So, like most graduates, I sent out resumes extolling my wonderful academic achievements, packaged in specially purchased, elegantly designed resume envelopes.

In the days that followed, I awaited the influx of telephone calls from would-be employers, eager to snatch up such a talented candidate.

Suffice it to say a couple weeks with no responses were my introduction to the catch twenty-two of having no working experience. I remember walking into the few interviews I managed to schedule, equipped with my black briefcase and firm handshake, knowing the interviewer would overlook any technical shortcomings and hire me on the spot.

Invariably, these imaginings faded with the screech of my student film being fast-forwarded through the VCR; my interviewer holding the controller, explaining he wanted merely to “look at the framing.”

Regardless of how I perceived myself in a town revolving around motorcycles, my dwindling bank account was a stabbing indication that ambition combined with stubbornness could be a curse. So instead of California and New York, I started my career in York. York, Pennsylvania, that is… except I wasn’t pitching package deals to major studios or for that matter, any studio. Instead I was pitching household appliances, like washers and dryers and microwave ovens.

In the weeks that followed, I gained twenty-six pounds and added another chin to what was once a pretty chiseled jaw line. I joined the “Midnight” bowling league and was pleasantly surprised to learn that the inability to button my trousers had no effect on my bowling release. Thus, my scores increased and I became a familiar face among a culture of beer drinking, hard-edged factory workers. And, in retrospect, I was drowning my dreams with beer and cheeseburgers.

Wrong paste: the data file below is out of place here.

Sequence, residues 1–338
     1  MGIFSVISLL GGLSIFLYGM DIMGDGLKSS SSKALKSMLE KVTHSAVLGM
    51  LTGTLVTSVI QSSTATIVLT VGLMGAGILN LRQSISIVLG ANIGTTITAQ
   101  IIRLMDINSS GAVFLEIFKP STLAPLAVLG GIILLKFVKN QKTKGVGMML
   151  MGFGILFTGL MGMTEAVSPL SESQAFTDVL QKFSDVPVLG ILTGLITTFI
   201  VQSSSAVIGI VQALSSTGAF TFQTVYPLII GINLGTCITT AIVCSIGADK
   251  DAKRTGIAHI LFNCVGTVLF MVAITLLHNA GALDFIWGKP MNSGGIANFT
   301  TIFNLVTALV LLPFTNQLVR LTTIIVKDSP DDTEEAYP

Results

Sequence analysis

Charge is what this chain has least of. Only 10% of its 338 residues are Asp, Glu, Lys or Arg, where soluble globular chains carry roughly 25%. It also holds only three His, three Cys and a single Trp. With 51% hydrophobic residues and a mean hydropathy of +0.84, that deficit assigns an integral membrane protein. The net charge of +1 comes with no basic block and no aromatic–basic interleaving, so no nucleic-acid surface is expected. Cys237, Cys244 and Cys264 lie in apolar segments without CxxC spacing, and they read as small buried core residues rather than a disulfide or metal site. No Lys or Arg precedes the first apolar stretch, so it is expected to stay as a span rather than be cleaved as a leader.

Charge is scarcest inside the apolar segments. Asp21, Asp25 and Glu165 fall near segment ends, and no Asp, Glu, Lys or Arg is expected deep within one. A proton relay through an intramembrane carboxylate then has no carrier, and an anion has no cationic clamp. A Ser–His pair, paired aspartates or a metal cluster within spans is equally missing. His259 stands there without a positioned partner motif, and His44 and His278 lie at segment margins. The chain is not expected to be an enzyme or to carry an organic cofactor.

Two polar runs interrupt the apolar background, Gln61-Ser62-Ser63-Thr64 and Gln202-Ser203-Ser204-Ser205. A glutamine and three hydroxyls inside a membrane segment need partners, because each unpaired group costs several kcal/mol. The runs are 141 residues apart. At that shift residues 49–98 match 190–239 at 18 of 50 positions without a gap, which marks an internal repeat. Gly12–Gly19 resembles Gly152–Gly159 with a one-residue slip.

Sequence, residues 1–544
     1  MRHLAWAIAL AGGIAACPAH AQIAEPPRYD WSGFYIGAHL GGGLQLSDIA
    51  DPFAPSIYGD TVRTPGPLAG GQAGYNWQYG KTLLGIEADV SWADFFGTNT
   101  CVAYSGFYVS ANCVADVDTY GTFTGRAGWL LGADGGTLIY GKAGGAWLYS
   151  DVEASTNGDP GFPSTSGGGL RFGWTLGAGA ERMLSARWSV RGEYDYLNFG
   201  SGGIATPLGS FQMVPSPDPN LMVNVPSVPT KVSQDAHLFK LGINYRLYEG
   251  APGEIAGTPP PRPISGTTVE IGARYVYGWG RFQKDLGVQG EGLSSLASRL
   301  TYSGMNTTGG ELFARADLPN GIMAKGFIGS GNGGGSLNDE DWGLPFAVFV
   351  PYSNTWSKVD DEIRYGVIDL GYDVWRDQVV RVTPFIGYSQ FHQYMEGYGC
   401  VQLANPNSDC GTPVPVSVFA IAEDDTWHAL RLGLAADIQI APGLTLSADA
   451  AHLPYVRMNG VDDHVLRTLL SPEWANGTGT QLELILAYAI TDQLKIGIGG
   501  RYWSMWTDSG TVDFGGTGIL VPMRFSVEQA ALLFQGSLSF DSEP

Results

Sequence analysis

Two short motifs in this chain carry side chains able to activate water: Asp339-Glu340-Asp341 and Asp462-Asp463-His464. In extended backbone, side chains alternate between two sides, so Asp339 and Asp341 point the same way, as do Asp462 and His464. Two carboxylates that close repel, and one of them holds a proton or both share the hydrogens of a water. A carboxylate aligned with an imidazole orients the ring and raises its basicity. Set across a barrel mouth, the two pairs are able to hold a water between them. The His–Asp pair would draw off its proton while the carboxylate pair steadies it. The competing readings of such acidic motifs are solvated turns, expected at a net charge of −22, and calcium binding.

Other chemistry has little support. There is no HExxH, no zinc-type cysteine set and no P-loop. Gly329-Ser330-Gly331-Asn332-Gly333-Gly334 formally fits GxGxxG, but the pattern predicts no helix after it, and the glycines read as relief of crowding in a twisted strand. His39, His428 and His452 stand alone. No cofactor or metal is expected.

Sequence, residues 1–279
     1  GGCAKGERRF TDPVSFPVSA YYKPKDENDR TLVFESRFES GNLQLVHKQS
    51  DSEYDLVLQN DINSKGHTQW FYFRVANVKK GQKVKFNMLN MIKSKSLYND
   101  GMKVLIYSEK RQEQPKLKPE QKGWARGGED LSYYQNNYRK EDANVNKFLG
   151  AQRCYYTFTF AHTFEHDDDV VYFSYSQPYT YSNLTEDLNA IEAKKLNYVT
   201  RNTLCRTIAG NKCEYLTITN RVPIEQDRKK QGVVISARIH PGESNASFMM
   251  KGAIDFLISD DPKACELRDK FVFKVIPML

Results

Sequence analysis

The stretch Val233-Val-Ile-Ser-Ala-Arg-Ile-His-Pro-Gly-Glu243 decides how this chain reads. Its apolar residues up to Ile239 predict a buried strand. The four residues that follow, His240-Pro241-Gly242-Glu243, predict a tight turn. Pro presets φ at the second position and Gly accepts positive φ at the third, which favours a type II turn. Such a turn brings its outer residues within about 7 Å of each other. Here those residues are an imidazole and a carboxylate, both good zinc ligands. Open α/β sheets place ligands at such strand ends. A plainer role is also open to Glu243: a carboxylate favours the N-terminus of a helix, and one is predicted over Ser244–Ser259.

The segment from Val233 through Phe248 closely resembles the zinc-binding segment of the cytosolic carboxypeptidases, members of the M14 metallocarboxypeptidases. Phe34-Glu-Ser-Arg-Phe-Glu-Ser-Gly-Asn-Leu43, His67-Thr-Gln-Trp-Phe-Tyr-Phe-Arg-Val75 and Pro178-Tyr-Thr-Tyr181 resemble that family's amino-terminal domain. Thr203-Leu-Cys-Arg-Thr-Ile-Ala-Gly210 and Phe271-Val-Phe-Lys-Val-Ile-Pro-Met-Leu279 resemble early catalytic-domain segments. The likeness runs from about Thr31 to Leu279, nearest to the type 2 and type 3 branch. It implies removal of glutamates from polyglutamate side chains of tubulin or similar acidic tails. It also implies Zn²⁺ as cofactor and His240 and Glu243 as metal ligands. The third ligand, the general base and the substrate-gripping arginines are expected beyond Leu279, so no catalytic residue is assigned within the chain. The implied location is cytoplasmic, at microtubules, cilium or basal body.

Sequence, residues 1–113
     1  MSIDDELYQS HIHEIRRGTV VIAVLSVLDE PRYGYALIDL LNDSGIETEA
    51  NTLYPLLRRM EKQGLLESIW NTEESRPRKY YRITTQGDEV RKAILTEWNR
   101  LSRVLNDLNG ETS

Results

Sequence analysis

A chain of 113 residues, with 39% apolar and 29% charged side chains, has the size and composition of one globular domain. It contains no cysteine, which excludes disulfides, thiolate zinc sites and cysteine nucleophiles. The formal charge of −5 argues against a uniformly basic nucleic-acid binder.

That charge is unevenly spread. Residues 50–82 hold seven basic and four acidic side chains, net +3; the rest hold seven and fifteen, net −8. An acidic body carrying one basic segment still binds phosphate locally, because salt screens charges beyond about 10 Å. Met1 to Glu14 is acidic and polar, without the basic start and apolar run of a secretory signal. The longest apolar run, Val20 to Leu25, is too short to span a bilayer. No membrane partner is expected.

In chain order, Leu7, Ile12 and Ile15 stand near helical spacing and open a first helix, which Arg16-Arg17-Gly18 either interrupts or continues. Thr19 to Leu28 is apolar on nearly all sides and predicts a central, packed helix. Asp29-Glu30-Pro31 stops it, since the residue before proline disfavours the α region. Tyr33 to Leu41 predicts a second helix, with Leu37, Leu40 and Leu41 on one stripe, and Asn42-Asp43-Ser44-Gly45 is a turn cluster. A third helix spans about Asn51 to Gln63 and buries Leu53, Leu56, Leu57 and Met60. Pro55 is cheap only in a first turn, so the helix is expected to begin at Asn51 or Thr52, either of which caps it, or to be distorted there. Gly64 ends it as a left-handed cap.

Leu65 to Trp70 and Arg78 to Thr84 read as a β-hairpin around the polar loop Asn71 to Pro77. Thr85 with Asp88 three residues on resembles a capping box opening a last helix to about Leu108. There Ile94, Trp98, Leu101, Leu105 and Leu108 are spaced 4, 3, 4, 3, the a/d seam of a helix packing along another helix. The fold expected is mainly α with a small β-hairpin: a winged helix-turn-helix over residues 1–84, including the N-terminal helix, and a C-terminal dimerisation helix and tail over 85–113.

After bowling, I would go back to my parent’s house, plop down on my bed with a cupcake and a glass of milk and I would just watch Top Gun for hours, pretending that instead of Tom Cruise, it was me. I wanted to barrel down the highway to the danger zone on a cool motorcycle. I wanted to date hot chicks. I wanted to be someone. I wanted to move to Hollywood and make movies.

In the morning, I would wake up with cupcakes mashed in my hair, stare at my fat face in the bathroom mirror, and leave for my appliance sales job. When sales were slow at the store, I would order cheeseburgers, and start eating. One day, when I really felt bad about my sad existence, I decided to do something. I went into my cubicle and started writing a screenplay. Since I never wrote a screenplay, I had no idea what I was doing. But I was so frustrated, and fat, and hating my life, that it didn’t take long until I had a first draft…

  1. My Filmmaking Story – Part 1
  2. My Filmmaking Story – Part 2
  3. My Filmmaking Story – Part 3
  4. My Filmmaking Story – Part 4